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him. it was $24 billion for a 16-day shutdown in 2013. this is a partial shutdown but it costs none s money. some workers on contract never get repaid. you get workers and governments not collecting fees. this is an irresponsible exercise but the idea that the democrats will budge if they take power january 3 is laughable so i think it will be republicans like senator john cornyn and mitch mcconnell both up in 2020, joni ernst in iowa up in 2020. cory gardner in colorado who say maybe on january 10 you know what, mr. president, would be great if you stopped the shutdown. >> it's interesting you say the president wants to be seen as fighting and when you talk about whether or not there is carrying, politico reported a former white house official said the wall is important but it's
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more the underlying anti-immigrant message that's the key. doug, is that true or false? >> it's aer have important part of trump's message to his base. remember there were two components to the wall. there was building the wall but there was mexico was going to pay for it and trump failed on the second part so i think he sees the danger in not trying to get the wall built for his supporters and i think that's why he's conducting himself in this way. this is the third shutdown under this president which is unprecedented and it's up to him to come to the table and actually negotiate with democrats and congressional republicans. last week he was all over the place. no one knew what he wanted so it's hard for congressional republicans or democrats to make an agreement when he is being swayed by what he sees on television and in the far right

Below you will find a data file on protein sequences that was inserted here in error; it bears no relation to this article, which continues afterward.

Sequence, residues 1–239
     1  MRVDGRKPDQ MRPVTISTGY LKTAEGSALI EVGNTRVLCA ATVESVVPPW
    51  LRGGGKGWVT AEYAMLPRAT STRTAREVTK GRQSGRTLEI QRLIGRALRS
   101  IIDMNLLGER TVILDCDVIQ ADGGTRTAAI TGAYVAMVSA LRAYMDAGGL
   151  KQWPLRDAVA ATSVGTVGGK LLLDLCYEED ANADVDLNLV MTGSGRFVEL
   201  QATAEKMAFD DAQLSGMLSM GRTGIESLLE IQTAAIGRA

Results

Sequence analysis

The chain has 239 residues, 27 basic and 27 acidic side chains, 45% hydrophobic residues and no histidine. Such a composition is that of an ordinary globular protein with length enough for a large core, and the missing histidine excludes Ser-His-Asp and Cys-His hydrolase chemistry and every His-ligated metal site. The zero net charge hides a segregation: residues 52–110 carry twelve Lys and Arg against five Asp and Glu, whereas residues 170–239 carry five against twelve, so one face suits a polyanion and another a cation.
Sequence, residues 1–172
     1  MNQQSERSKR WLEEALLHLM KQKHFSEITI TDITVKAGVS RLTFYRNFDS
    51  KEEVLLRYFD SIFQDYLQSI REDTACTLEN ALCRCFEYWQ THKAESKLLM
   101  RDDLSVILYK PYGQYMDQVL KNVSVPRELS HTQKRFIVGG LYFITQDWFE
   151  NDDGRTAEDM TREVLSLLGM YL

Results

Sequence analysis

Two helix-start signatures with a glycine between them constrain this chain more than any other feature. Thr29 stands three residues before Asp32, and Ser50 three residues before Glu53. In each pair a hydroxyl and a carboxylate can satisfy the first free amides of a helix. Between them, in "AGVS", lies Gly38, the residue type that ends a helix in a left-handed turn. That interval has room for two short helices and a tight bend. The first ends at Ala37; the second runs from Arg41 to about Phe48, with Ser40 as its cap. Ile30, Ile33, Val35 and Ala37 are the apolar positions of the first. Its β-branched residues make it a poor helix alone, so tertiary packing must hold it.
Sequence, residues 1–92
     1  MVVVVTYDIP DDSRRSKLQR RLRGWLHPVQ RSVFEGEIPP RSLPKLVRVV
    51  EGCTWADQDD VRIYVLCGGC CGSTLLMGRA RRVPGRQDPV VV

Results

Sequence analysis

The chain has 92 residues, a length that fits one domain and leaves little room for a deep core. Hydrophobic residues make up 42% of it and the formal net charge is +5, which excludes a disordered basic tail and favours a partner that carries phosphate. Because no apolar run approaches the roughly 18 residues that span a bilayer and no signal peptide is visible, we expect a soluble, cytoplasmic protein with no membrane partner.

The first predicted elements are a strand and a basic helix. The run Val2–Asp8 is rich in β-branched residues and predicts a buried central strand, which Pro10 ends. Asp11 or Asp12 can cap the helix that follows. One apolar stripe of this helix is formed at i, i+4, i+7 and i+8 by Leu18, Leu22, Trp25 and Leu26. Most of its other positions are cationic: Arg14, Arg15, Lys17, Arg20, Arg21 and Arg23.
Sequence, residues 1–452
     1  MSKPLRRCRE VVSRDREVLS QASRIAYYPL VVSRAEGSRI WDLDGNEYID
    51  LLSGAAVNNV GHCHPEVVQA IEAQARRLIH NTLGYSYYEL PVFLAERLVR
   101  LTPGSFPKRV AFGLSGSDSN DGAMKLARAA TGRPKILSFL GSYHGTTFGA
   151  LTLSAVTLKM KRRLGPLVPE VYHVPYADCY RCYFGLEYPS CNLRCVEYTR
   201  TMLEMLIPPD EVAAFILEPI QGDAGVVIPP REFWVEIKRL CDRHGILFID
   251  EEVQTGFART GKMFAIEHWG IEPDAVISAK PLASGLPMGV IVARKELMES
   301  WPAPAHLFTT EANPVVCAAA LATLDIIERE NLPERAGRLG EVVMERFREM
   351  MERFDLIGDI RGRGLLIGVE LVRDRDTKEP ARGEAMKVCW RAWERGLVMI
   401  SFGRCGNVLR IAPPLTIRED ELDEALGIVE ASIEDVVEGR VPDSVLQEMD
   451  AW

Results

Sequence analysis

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blogosphere. >> doug, i have to ask. when we were covering the midterms and these trump rallies, even before the rallies would start i would see people chanting and making songs about the border. this is something his base is really riled up ant. do you think the fact that he said the $5 billion is negotiable, we can come down to one, will that politically hurt him? >> we saw last week he was hurt from when it looked like he was willing to take a deal that the senate past for robust border security funding and then he caught flak from fox news and laura ingraham and ann coulter and he walked back and decided to make a fight on this so i think he is definitely being swayed by what his base is calling on him to do. this anti-grichlt message that he has been pushing ever since he got into the race he feels like is central to wholess and